The global financial crisis, which has plagued the world economy for two years, is nowhere near an end. Though a double-dip recession is unlikely, a fast and sound economic recovery is still out of reach. The latest Standard Chartered Global Focus, a monthly analysis of economic and financial market developments, said developed countries are now counting on emerging economies for growth. Edited excerpts follow:
Normally, at this stage of a recovery, confidence would be rising and economic momentum would be gathering. But this is not proving to be the case in most Western economies. In particular, the United States looks weak, and the UK, while a bit stronger, is fragile. Meanwhile, a number of the European economies face tough times as fiscal policies are tightened. In contrast, the eurozone's core economy, Germany, is in much better shape, benefiting from an export-led recovery driven by China.
This last point is crucial. It is necessary to differentiate between the West and the East since their underlying dynamics are different. But at the same time, it is important to appreciate the inter-connectedness of advanced, emerging and frontier economies. Most of the advanced economies face only a modest recovery. The recovery in emerging economies is stronger, and the more it is driven by domestic demand, the stronger it will be. Meanwhile, the frontier economies still possess the greatest catch-up potential, which should be seen in even stronger rates of growth than current levels.
None of these groups is fully independent from the others—indeed, quite the opposite is true. The crisis showed that emerging economies were not decoupled, just better insulated. The same line of reasoning is valid now. With the West accounting for two thirds of the world economy, and given the export-focused nature of many economies across Asia and emerging regions, it is still important to recognize these inter-connections. That being said, the emerging economies are becoming more dominant and more important, as well as more resilient. In fact, with China leading the pack, they are driving more of global growth.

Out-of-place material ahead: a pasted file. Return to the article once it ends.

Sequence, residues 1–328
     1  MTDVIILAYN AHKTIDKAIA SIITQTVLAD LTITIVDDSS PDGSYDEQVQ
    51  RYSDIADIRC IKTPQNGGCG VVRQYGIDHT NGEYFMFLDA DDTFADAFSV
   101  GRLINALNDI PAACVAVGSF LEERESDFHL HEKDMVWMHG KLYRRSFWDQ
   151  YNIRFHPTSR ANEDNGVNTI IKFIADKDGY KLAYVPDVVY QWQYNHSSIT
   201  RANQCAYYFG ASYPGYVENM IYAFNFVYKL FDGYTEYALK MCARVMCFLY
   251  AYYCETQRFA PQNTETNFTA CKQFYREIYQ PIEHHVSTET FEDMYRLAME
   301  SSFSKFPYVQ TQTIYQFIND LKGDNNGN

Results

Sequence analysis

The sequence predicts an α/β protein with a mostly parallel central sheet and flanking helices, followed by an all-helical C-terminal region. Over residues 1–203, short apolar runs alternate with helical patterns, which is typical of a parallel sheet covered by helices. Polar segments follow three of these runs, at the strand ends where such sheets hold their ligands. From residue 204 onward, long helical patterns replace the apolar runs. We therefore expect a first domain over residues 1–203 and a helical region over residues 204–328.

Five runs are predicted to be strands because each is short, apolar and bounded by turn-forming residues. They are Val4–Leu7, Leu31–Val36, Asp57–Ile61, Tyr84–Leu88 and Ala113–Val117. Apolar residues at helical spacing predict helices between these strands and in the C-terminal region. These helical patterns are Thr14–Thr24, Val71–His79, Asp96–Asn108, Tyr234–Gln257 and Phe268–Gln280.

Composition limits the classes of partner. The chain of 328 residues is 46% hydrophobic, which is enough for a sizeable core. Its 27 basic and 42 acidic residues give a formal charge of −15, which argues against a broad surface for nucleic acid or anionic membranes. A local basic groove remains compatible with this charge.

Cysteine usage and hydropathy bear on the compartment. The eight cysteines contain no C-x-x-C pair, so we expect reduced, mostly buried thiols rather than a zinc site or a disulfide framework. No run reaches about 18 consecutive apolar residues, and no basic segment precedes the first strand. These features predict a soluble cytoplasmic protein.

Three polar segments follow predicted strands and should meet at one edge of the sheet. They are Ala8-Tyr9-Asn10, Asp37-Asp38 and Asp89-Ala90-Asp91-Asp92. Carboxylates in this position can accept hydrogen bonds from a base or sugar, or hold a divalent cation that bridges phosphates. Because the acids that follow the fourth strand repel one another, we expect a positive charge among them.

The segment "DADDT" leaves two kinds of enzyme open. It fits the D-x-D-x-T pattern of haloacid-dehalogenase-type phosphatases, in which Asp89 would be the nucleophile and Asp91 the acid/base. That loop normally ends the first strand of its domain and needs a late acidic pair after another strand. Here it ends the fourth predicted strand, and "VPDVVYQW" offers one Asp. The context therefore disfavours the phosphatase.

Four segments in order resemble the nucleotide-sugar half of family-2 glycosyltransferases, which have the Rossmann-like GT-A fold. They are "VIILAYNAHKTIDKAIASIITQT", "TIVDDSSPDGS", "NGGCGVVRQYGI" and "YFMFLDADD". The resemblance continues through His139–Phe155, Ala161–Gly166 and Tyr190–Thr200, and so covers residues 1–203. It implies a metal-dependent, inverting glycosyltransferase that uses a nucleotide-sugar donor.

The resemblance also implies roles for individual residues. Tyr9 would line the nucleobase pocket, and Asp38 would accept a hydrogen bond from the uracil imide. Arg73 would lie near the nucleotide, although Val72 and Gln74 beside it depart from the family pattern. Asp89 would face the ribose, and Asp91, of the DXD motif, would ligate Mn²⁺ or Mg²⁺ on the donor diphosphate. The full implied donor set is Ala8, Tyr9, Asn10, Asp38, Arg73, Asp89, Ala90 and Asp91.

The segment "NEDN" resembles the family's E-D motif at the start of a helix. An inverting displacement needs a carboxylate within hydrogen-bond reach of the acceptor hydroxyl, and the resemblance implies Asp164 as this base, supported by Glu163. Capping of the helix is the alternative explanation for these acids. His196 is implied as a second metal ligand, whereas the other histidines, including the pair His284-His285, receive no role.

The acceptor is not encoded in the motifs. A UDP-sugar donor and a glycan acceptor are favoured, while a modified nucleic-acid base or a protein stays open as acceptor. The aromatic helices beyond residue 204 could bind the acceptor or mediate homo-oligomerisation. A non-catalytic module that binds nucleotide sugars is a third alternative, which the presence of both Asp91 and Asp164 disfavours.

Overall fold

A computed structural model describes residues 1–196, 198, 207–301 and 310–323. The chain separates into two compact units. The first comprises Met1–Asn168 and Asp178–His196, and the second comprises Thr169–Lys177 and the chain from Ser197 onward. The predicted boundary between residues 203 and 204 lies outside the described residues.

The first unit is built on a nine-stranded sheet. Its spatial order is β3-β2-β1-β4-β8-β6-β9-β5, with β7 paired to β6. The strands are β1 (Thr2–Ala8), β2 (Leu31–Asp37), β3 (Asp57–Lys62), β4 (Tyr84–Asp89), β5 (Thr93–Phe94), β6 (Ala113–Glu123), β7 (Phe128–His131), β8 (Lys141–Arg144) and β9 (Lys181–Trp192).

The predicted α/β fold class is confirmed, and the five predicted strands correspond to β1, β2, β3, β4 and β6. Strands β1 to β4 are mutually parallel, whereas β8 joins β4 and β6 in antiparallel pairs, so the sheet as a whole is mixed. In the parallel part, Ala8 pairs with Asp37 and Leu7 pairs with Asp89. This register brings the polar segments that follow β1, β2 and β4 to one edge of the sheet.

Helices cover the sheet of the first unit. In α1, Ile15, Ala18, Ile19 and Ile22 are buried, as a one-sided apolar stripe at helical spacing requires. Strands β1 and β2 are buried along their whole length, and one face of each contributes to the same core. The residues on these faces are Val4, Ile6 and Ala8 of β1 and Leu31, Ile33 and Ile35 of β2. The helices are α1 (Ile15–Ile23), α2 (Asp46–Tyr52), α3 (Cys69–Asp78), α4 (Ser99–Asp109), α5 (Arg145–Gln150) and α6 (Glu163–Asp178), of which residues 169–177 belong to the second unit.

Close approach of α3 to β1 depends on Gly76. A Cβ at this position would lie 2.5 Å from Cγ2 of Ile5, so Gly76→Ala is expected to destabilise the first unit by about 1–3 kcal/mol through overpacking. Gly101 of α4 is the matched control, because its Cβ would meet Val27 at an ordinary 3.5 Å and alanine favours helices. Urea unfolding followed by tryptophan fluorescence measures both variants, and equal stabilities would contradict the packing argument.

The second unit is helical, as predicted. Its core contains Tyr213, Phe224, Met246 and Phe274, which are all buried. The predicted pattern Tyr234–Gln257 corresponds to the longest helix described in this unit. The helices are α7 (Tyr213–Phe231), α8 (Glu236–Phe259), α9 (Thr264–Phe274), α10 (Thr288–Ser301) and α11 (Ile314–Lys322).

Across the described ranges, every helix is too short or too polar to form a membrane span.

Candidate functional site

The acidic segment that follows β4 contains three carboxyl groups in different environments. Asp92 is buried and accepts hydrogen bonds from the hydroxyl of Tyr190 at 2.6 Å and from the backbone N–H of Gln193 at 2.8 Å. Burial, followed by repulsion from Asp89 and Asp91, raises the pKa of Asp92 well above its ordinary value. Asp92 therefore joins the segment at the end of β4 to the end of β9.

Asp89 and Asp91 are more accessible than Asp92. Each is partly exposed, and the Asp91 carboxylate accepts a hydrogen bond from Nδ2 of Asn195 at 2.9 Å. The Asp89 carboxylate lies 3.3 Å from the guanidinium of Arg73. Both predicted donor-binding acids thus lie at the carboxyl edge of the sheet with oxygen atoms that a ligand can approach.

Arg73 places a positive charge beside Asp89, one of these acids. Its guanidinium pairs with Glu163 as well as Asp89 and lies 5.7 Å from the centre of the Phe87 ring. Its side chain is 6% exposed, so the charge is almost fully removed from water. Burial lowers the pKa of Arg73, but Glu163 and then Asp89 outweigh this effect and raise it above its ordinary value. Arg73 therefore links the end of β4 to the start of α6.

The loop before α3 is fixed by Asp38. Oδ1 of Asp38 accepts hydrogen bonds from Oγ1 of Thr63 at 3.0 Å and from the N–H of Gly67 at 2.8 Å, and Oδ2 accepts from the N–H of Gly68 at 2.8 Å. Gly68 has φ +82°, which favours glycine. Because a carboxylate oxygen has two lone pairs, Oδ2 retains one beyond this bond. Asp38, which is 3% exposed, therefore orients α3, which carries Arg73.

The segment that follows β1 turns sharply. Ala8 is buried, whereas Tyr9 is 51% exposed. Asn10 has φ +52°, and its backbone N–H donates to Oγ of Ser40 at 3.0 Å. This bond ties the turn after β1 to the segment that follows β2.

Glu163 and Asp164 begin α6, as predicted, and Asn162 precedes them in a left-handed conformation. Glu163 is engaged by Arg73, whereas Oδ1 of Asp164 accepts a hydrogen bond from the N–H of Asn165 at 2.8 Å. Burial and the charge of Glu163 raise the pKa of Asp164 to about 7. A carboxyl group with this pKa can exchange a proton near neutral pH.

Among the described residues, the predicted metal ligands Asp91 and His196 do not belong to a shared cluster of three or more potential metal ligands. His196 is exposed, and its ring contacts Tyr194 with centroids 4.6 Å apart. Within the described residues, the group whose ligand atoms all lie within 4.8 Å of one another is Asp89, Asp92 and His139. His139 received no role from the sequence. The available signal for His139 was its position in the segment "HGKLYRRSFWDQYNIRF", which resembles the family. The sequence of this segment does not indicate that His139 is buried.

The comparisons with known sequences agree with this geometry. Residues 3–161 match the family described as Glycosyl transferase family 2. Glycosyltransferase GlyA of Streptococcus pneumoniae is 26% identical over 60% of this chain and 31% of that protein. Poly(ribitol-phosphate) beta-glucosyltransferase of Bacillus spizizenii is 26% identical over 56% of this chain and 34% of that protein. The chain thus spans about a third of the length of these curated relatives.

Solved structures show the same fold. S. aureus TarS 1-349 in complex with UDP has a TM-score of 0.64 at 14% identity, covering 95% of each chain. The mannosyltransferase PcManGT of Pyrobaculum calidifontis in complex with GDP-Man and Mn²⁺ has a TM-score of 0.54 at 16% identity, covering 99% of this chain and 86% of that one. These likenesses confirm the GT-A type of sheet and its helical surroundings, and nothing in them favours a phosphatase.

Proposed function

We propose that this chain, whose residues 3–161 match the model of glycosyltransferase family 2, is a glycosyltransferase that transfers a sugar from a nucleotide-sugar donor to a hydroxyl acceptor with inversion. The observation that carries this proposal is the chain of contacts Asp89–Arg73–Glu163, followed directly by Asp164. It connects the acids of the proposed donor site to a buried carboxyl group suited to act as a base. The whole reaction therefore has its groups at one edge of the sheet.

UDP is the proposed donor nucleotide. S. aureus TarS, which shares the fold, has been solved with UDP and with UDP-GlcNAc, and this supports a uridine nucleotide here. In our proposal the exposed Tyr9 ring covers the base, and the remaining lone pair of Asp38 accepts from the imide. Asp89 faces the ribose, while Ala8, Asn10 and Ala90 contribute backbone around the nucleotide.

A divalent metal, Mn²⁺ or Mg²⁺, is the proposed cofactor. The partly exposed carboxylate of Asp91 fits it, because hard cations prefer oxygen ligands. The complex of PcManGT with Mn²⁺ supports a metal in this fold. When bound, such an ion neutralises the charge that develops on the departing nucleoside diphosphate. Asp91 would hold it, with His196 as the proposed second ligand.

Although we are very upbeat about prospects for the emerging economies, and expect them to eventually pull Western economies up, the near-term outlook for the West is still rough. The scale of de-leveraging still points to a sluggish recovery in the United States and the UK, as well as parts of the eurozone. This is despite the scale of the policy stimulus, which has included fiscal boosts, low interest rates, liquidity provisions, national bailouts, and weak currencies, the euro in particular. Policymakers did a good job bringing economies back from the brink, but as the policy stimulus wears off, the extent to which the private sector can take up the slack has been constrained, given the overhang of debt from the crisis.
The policy stimulus is providing for a recovery. But given the scale of the recession and the extent of the stimulus provided in the West, it is a weak recovery, and output has not returned to its pre-crisis level.
In recent weeks China finally overtook Japan as the world's second largest economy. We continue to be optimistic about China's prospects. This is significant for many other countries, both directly in terms of trade and indirectly in terms of the impact on confidence.